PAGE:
“The loss of lives and destruction of livelihoods associated with the COVID-19 pandemic has been painful to witness. Like everyone else, our business has had to do everything possible to survive the pandemic,” says Richard Vries, Group CEO of engineering firm GIBB.
Vries says the challenge is far from over. “The construction industry is currently the worst performing economic sector in South Africa. As a share of nominal GDP, fixed investment has fallen to critically low levels, down to 15%, which is similar to the troughs experienced towards the end of apartheid and after the emerging market crisis of 1997/98 (Nedbank Capital).
“The consulting engineering industry market size has shrunk from a peak of R27 billion in 2017 to R10 billion in 2020. Our concerns are not only the lost economic opportunities and reduction of inequality in our society that would come from fixed investment, but also the loss of the globally recognised talent pool available in South Africa. It might take us many years to regain the lost engineering and architectural know-how necessary to create a globally competitive South Africa,” he adds.
Within this milieu, GIBB has drawn strength from its heritage and people to use the opportunities presented by the pandemic to build resilience and institute new ways of doing business. “We have found ways to optimise our operations while also creating a better work-life balance for our people and we are actively transforming our business to take advantage of the opportunities presented by the digital evolution,” notes Vries.
Despite the various market challenges, Vries says history has shown that the market will improve. “Now in our 65th year, our company has not only survived six decades of construction and engineering industry boom and bust, but our people have first-hand knowledge of many facets of the industry and the challenges related to developing sustainable infrastructure solutions. Because of this, we see opportunities when others may have lost hope. This understanding has set us on a new path to ultimately evolve into an infrastructure asset owner and operator,” says Vries.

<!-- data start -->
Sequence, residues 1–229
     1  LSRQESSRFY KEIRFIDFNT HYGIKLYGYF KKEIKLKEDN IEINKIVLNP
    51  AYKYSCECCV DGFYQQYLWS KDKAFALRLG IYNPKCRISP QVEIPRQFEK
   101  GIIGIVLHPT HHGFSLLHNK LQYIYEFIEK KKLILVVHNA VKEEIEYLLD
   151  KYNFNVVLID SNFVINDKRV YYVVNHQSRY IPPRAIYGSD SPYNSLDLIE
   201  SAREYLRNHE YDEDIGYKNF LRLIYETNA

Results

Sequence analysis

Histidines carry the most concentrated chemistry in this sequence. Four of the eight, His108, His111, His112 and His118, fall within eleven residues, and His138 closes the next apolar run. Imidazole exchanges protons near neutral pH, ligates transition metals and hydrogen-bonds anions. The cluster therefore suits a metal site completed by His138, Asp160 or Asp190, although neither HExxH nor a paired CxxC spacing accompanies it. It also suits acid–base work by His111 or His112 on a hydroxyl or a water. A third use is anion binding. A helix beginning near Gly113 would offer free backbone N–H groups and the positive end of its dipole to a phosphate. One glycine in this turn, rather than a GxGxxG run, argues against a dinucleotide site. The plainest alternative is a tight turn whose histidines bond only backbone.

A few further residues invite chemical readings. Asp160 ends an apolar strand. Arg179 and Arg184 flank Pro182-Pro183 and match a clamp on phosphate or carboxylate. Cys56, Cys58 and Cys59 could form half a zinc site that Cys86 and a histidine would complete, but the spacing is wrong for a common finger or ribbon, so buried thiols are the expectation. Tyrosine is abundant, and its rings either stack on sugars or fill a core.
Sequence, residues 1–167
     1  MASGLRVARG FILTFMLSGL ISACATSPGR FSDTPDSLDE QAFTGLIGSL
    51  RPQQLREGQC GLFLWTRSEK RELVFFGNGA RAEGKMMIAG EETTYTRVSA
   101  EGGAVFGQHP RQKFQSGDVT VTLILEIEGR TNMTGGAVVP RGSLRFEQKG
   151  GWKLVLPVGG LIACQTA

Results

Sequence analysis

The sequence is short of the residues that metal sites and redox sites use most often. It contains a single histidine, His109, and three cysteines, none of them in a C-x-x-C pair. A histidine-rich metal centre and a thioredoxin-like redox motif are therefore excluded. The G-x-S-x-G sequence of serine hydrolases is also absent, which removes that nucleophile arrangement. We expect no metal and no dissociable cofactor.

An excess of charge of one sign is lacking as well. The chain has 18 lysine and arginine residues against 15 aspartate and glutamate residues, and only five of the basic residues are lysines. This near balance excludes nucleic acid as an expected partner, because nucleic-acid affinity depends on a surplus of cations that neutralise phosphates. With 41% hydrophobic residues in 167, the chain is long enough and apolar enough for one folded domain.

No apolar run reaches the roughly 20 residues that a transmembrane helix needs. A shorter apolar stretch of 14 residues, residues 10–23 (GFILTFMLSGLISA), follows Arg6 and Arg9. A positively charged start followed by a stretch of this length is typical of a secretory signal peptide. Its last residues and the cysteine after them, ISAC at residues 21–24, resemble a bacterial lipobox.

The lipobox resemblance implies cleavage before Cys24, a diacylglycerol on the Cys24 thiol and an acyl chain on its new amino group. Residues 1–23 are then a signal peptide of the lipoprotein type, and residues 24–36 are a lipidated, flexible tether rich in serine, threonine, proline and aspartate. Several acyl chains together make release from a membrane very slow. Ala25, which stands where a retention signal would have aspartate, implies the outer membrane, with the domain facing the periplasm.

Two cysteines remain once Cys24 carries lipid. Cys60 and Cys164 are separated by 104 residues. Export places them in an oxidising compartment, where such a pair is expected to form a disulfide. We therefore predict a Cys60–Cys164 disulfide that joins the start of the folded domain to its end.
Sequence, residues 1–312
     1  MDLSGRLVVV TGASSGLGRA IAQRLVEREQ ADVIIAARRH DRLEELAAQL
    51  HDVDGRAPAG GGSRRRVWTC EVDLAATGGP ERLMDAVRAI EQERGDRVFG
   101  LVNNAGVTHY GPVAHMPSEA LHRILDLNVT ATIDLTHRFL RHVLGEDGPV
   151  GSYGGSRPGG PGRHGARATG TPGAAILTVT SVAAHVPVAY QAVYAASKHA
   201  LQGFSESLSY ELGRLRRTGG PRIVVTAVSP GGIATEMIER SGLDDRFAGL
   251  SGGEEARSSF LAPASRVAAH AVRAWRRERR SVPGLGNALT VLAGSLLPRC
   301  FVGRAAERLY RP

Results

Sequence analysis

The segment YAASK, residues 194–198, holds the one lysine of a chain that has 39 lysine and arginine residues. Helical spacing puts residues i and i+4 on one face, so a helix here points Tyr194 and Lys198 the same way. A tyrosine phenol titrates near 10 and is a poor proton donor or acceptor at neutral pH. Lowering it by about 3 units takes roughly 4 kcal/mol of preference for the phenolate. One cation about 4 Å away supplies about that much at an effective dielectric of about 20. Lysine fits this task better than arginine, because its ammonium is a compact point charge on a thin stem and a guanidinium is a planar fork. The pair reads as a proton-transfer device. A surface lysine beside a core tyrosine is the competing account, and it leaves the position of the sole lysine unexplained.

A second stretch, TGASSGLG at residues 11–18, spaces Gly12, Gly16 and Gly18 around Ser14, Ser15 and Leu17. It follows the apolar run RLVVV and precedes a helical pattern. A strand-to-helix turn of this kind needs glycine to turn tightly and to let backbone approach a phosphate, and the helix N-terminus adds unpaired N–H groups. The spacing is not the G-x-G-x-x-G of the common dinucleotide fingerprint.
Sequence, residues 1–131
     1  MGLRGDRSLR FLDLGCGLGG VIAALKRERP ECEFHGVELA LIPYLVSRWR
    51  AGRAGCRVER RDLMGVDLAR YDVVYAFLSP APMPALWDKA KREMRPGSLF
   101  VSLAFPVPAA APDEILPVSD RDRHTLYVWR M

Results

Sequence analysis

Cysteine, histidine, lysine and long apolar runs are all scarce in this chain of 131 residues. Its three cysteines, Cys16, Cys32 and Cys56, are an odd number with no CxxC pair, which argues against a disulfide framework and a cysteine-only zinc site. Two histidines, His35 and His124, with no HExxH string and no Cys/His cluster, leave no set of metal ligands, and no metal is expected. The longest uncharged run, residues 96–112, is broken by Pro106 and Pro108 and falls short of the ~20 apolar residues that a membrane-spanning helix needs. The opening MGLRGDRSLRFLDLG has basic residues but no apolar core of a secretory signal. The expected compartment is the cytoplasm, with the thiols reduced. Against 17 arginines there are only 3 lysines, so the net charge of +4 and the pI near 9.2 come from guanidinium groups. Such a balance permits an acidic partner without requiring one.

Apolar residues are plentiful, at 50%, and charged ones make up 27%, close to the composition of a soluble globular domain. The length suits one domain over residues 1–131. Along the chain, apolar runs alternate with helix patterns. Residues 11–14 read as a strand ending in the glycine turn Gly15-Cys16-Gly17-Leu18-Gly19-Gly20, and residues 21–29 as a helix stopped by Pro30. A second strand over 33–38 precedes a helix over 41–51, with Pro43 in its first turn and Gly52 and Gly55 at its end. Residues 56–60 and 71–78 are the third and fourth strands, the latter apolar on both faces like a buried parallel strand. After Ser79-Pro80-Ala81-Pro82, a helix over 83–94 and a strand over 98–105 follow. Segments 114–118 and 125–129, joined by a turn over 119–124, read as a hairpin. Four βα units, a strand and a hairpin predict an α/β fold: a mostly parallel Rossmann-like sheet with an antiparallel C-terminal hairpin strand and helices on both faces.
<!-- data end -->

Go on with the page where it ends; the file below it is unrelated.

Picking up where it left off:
Reflecting on the company’s history, Vries says he invited one of the founders of the South African chapter of GIBB, David Hill, to join him at the company’s excellence awards celebration in Cape Town in 2014. “Notwithstanding his frailty due to his advanced age at the time, Hill shared his immense pride in how GIBB had become a leading success in the field of engineering and reminded me that good people built great companies. This was the motto of Hill Kaplan Scott (HKS), the company that became the cornerstone of GIBB in South Africa, from its inception in 1956.”
The British firm, Alexander GIBB, founded by Scottish engineer Brigadier-General Sir Alexander GIBB, subsequently merged with an Atlanta based American company, LAW to form LAW GIBB. LAW GIBB (now part of Jacobs) acquired HKS in 1994, just as South Africa entered the miracle of its new democracy and set in motion a step-change for Hill Kaplan Scott to become an Africa-based world-class engineering house.
The company was rebranded LAW GIBB and immediately adopted an international best-practise approach to project delivery and client services, reflected in its recognition of being one of the first engineering companies in South Africa to become ISO9001 accredited.